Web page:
In the Name of the Father, the Son and the Holy Ghost.
How familiar, and how simple seems to us, appears to us today's parable
of the seed and of the sower; and yet, how relevant it is to us, and how
much more thought we should give to it. We forget the setting itself of
the parable, the imagery of the sower and the seed, and we dont see in
it an image of Christ, walking along the roads and the paths of Galilee
and Judea; and everywhere He went, people came to the roadside because
they have heard, as the Blind Man have heard of whom Saint Marc reports,
that He was a Teacher, that His words were true, that they had in them a
power of life.
And people came, and lined the roads, and lined the streets, and
listened. Some were prepared for the message; some have been in an agony
of mind, have been asking themselves questions which hitherto no one
have been able to answer. But others came, as so many people come now to
a preacher, to an evangelist, to a leader of any side, came to see a man
of whom one spoke, and to listen to what he had to say. He was not
answering any of their questions, He was not meeting any of their needs,
except perhaps the desire to see someone that was outstanding, someone
unique in his time. They heard the word, but it fell at their ears, they
find it beautiful, lovely, true - but it did not go beyond this. They
were listening to words, they were not listening to the cry of their own
soul that was hungry for words of truth.
And so, when He had passed, they all returned to what was their ordinary,
their normal life. They might have gone home and repeated these words,
saying, Wasn't it lovely? Didnt He speak well? - and then they went
back to what was life, ordinary life, day-to-day life...
Others, who had come to the roadside, received the message with emotion,
it stirred something in their hearts, something in their minds, it
answered something in them. And they received it and hugged it to
themselves, and returned home; but the moment they were no longer by the
road, at home, the concerns of home overwhelmed them: there was so much
to do, so much to think about, there was so much in life, there was no
time to reflect again and again on the words heard, there was no time to
sit quietly and to look in imagination at the face they had seen, to
rehearse the voice they have heard.
We have another parable about those who have been called to the Bridal
Feast of the King: they heard a call, they knew they were called
personally - but could they go? The one had bought a field, he was
rooted in it, tied to it, a prisoner of it; others have bought five
pairs of oxen - they had to try them, they had something to do in life,
a vocation, a job, something great - or something simply that matters
supremely in a personal way, as the last one: he had taken a bride - how
could he spend time for anyone else?
Those are the people who receive the word, who receive it truly, in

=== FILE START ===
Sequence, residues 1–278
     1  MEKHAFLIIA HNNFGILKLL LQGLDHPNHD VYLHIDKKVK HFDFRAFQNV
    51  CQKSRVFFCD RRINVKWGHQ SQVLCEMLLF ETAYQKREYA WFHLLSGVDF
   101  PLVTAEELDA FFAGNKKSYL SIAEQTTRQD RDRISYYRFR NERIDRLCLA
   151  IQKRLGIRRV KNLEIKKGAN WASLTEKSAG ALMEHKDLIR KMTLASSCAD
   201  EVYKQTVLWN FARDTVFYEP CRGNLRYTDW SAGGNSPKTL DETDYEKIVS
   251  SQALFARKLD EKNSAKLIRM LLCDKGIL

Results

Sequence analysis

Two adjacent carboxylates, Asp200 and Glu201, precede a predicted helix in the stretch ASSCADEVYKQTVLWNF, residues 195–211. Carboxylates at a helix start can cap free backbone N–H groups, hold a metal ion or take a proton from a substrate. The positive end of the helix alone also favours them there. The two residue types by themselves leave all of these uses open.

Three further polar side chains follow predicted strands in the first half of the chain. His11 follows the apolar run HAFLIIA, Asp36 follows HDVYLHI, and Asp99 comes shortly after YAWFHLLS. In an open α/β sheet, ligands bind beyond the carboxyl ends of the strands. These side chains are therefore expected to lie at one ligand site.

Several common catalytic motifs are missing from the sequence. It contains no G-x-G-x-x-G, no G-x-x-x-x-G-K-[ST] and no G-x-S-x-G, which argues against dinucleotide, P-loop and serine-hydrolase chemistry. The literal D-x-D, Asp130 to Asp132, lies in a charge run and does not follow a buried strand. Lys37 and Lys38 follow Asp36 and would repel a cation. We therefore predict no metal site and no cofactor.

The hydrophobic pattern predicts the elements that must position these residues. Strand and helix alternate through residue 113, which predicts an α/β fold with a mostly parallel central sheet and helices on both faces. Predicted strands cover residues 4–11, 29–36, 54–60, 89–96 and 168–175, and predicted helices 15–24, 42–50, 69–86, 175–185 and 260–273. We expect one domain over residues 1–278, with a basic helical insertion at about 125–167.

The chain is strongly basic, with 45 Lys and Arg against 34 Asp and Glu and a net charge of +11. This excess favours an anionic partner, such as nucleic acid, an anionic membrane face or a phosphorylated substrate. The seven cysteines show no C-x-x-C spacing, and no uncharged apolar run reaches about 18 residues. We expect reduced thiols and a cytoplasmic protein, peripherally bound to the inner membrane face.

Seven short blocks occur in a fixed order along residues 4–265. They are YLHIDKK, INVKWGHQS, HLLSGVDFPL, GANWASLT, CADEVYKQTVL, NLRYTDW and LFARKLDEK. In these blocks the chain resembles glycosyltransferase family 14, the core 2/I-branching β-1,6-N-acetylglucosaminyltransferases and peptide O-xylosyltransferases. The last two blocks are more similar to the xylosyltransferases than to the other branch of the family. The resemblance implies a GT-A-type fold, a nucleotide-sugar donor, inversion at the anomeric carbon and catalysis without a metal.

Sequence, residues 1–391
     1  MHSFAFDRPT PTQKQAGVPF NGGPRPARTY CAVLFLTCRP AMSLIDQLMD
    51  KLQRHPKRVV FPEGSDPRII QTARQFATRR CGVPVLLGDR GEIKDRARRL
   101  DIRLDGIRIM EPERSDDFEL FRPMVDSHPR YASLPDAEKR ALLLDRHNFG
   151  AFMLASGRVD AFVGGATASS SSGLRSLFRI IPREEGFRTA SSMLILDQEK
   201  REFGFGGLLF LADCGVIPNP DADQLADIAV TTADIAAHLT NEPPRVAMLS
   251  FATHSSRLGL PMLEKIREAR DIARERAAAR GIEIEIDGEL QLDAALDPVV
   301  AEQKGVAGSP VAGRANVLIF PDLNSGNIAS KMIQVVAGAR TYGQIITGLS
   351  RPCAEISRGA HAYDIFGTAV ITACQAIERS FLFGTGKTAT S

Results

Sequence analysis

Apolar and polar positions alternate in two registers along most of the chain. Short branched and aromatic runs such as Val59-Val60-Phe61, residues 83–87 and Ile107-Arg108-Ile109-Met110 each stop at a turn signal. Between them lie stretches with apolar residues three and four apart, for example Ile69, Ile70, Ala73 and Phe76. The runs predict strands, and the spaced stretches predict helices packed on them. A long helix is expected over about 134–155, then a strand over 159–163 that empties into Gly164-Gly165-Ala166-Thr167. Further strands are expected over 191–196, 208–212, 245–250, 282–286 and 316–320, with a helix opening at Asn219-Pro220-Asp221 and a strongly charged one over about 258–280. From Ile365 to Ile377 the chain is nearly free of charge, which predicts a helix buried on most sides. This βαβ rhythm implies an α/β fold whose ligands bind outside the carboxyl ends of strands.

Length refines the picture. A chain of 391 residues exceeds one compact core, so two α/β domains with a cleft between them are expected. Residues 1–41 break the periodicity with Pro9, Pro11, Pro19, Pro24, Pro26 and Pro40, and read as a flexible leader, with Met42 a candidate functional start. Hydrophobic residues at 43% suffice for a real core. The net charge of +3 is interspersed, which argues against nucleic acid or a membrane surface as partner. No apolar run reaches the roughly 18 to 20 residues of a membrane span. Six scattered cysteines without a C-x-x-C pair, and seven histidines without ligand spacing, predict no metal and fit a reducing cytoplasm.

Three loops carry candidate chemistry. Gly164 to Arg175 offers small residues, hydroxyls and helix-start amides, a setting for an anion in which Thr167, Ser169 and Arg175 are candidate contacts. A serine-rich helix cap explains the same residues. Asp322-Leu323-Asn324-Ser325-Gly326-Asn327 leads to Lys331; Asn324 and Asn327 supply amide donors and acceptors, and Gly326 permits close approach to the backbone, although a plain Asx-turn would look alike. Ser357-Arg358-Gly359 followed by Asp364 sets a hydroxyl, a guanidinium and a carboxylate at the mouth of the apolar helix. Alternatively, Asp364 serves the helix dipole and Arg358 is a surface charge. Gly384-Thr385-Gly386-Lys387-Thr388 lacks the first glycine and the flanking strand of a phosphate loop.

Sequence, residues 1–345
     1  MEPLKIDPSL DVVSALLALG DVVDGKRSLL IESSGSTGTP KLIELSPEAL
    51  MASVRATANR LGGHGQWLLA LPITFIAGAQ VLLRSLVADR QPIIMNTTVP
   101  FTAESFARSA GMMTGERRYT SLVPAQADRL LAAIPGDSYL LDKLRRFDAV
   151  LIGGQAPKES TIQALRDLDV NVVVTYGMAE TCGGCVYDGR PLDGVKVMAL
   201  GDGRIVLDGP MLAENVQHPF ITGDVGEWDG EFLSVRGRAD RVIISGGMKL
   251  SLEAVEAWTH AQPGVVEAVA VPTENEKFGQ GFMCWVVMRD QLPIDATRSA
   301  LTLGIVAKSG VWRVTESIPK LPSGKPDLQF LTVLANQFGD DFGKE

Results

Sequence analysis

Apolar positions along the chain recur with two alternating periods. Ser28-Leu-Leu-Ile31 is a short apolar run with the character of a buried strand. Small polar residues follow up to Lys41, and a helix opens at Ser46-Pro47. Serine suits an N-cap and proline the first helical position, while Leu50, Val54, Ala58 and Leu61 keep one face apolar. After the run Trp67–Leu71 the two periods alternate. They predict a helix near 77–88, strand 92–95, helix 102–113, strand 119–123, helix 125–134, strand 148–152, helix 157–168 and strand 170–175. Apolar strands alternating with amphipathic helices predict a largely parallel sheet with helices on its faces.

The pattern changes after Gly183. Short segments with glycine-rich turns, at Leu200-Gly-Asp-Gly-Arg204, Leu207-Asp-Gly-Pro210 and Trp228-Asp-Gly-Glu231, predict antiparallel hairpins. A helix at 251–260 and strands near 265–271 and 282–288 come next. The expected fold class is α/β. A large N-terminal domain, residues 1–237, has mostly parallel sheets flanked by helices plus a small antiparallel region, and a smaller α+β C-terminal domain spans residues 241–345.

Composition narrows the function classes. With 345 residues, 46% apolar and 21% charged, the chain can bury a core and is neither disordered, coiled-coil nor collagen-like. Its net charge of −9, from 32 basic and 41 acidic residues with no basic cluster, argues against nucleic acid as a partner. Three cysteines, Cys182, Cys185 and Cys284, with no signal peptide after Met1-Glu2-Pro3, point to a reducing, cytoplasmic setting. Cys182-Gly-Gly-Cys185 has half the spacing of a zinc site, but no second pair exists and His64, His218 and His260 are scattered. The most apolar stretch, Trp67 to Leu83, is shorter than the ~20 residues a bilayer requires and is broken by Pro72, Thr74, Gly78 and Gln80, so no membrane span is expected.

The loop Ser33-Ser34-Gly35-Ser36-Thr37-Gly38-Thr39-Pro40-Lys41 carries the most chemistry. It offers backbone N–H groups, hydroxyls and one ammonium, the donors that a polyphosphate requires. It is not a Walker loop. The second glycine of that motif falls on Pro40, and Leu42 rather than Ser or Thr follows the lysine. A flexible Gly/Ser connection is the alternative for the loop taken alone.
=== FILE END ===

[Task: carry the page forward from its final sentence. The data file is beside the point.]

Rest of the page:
their heart, but there are so many things that matter - tomorrow will do,
or, if we only could reduce the message to something liveable, simple,
not to the absoluteness of it!
And then, those who receive the message, like the rich soil that could
receive the message, receive a seed and bear fruit. Those people were
not simply better people, they probably were not better people; they
were people who had a question in their mind and heart, people who had a
longing, people for whom their daily life was too narrow, too small,
people who were aware that their soul was deep, and vast and could not
be filled with the trivialities - or even the noble, the good things of
life: they received the message, they took it to heart, deep into them,
and they bore fruit because it was answering a need.
Now, we can apply it to ourselves: how many of us listen to the
words of the Gospel, listen to the words of preaching, read books
that are full of interest and depth, and they store it in their
memory, they enjoy it - but that is the end; they can quote it, they
can pass it on to others, - but that is all.
And there are so many of us who have received the message with
enthusiasm, with passion, knowing that this message is an answer to all
there is in us of longing, of hunger, of greatness, indeed; but then,
life is so complex, there is so much to do! And in all this doing, in
all this complexity the words is left aside - for another time, for
another day, when I will be old enough not to have any concerns: then I
can turn back to this glorious moment when life unfolded itself in all
its splendour - I keep it in my memory!
What about us, receiving the message and bearing fruit?
But how does this message reach us? I remember a Russian priest saying
to me, I read the Gospel daily, and I respond to it very seldom. But I
read it daily because I never know whether today, or tomorrow, or on
another day I will be the barren roadside, or the weeds by the way, or,
of a sudden, whether this word will not fall on a small patch in me
which is capable of receiving it and bearing fruit.
Isn't that simple, isn't that encouraging? We all are the three things
described in the parable of the Gospel; but if we give a chance to God
Who speaks, to God, Who passes through our life, to God Who knocks at
our heart - from time to time we will receive the message with joy and
let go of it; but from time to time it will reach a depth in our heart,
a core of our life and be the answer that will change it.
Let us therefore listen, listen to the words of the Gospel day in and
day out; listen to the voice of our conscience, listen to what the
deepest self says to us about life, about truth, about reality; and from
time to time we will have been the good ground that can bear fruit.
This parable, so simple, so clear, if we only apply it, can be a
beginning of a new life. Amen.